Obviously, even with all these features, a mouse has to be comfortable to use in order for it to excel, and fortunately the Scimitar Elite falls into this category. Despite looking a bit bulky, its design is surprisingly comfortable for both standard and claw grip users. The core design of it feels pleasing and your thumb is positioned over the macros where you’re able to hit them without any problem. Users will need to adjust to having a little more of a ridged touch on your thumb at all times, but otherwise it feels nice, especially for someone who fidgets. You’re also able to move the slider forward or back on the mouse with a rather adorable included hex key, ensuring that depending on your hand size, you won’t have much problem where the keys are located. The Elite does feel weighty, coming in at 122g, so be prepared for more resistance, but otherwise it’s not bad. It also has a lightly-braided cable for more durability which I much prefer over the heavily-braided cables you see from time to time. In the end, the Scimitar Elite feels perfect in my hand.

The Scimitar Elite uses Corsair’s iCUE technology for fully-customizable RGB lighting and effects. The lighting effects from the Scimitar are pleasing to the eyes; it’s not overly flashy, with the logo, scroll wheel, dpi indicator and each of the numbers on the key slider lighting up. It’s highly customizable, so you’re able to specifically select each of the four RGB areas and modify their colors through the seventeen different animation types. So if you want the key slider to pulse while the scroll wheel spiral rainbow, you can do just that and even sync with your other Corsair devices. I did run into a little trouble in the program itself assigning different animation types, though, as doing so would add the effect to the keyboard as well. Overall though, I’m pleasantly surprised by the results; having used the Corsair K95 Platinum, it had a lot of issues where the lighting effects would, and still does, freeze. The Scimitar Elite does not have such an issue, although it does have its own problem. Unfortunately, I do consistently run into one issue that could arguably be worse. In the few weeks I had to test this, at least four times did I need to repair iCUE to ensure that the slider keys would actually work.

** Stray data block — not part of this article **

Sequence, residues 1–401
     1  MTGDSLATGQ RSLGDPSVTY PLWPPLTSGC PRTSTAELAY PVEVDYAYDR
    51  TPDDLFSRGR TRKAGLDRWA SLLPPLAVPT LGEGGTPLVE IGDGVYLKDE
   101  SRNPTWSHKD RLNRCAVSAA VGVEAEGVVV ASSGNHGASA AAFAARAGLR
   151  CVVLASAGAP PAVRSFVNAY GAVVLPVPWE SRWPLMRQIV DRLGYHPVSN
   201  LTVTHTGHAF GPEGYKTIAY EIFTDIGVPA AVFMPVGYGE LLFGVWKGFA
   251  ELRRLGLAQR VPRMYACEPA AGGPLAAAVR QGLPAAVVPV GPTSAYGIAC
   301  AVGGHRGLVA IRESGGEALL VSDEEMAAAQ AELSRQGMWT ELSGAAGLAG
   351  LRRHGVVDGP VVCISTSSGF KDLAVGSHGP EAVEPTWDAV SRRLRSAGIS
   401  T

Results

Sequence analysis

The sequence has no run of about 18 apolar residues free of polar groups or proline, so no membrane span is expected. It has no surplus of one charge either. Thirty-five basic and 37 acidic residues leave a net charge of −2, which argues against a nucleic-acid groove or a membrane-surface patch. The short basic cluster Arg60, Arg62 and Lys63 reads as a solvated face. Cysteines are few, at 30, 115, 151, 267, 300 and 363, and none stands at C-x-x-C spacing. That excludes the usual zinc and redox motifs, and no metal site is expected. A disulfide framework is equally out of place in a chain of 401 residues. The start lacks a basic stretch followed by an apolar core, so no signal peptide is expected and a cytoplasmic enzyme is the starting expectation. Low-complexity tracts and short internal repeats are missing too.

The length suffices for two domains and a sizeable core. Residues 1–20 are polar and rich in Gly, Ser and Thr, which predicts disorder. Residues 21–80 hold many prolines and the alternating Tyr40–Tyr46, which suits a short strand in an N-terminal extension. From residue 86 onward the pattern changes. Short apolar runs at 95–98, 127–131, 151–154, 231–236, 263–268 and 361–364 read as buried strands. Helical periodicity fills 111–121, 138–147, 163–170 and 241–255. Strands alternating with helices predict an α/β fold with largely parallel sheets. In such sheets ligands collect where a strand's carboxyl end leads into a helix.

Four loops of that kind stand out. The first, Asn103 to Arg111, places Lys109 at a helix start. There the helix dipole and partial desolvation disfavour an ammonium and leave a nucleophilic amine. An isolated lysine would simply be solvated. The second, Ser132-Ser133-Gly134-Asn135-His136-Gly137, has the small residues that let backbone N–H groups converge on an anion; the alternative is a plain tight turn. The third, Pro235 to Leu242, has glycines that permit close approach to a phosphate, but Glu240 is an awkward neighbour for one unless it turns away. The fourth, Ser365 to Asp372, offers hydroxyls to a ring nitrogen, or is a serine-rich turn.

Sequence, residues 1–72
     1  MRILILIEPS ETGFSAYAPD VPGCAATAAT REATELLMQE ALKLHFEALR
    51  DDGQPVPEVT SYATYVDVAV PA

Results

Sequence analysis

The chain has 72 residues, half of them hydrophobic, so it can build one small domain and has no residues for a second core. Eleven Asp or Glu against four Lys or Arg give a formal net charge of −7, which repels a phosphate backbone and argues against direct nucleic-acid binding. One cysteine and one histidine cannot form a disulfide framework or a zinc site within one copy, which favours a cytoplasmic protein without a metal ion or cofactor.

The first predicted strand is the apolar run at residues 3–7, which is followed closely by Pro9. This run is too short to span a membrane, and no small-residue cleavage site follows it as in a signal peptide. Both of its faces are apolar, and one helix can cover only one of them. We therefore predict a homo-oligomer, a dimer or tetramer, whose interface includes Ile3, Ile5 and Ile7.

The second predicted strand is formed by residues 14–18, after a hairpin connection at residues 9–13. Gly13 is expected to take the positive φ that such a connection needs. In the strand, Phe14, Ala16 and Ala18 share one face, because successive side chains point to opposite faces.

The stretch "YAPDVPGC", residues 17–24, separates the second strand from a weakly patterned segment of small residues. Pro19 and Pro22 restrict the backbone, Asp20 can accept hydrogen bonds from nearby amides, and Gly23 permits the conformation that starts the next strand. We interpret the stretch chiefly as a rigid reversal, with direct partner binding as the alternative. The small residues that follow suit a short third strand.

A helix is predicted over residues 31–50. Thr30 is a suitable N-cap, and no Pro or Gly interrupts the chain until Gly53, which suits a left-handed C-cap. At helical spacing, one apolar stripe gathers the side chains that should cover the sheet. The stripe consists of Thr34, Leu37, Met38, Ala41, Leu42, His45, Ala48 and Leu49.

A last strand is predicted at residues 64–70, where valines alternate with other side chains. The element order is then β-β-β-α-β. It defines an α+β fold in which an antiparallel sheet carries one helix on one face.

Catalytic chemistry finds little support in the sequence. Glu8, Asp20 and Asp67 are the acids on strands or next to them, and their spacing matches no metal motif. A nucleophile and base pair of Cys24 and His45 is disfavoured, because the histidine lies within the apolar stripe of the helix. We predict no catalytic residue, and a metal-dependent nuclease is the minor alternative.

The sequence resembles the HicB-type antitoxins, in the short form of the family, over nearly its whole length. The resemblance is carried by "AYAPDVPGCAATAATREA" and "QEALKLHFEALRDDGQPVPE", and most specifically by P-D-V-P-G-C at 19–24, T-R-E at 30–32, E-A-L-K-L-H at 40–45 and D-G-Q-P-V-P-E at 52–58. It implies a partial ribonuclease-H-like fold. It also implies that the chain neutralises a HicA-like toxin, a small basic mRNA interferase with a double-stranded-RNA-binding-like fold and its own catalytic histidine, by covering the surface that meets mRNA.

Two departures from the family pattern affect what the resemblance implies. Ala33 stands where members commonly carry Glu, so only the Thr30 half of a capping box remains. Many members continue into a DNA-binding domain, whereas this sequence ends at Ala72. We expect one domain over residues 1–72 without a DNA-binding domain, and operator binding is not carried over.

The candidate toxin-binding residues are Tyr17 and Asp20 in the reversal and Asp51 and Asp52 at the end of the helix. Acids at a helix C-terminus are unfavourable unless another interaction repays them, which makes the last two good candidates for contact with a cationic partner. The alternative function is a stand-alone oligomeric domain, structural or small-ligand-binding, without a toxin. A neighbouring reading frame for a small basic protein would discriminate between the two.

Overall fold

Closing Comments:

The Corsair Scimitar RGB Elite Gaming Mouse is a device for a select audience that has a much broader appeal. It’s a must for MMO and MOBA games such as Final Fantasy XIV and DOTA2, but will aid you in other genres with its easily customizable and swappable setup. I could not go back to a regular gaming mouse as the extra functionality goes a long way for not only in games but in productivity. It still has some challenges to overcome, such the keys sometimes not working, requiring users to repair iCue, and the keycaps are only lightly textured, taking a little while to get used to and relying on muscle memory more than anything. Regardless, with RGB lighting, upwards of 18,000 DPI, 17 customizable buttons and an overly-satisfying feel in your hands, the Elite lives up to its name. The Corsair Scimitar Elite is by far the best MMO mouse I’ve ever used, and considering the price point, it’s a steal for what it has to offer.